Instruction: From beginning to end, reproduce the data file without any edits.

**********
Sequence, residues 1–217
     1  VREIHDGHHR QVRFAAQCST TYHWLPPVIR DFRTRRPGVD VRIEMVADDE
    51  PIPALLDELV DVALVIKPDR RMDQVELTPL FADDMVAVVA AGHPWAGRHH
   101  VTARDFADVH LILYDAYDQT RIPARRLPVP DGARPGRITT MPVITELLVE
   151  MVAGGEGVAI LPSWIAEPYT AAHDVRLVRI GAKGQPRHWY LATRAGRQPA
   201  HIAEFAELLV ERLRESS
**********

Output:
Sequence, residues 1–217
     1  VREIHDGHHR QVRFAAQCST TYHWLPPVIR DFRTRRPGVD VRIEMVADDE
    51  PIPALLDELV DVALVIKPDR RMDQVELTPL FADDMVAVVA AGHPWAGRHH
   101  VTARDFADVH LILYDAYDQT RIPARRLPVP DGARPGRITT MPVITELLVE
   151  MVAGGEGVAI LPSWIAEPYT AAHDVRLVRI GAKGQPRHWY LATRAGRQPA
   201  HIAEFAELLV ERLRESS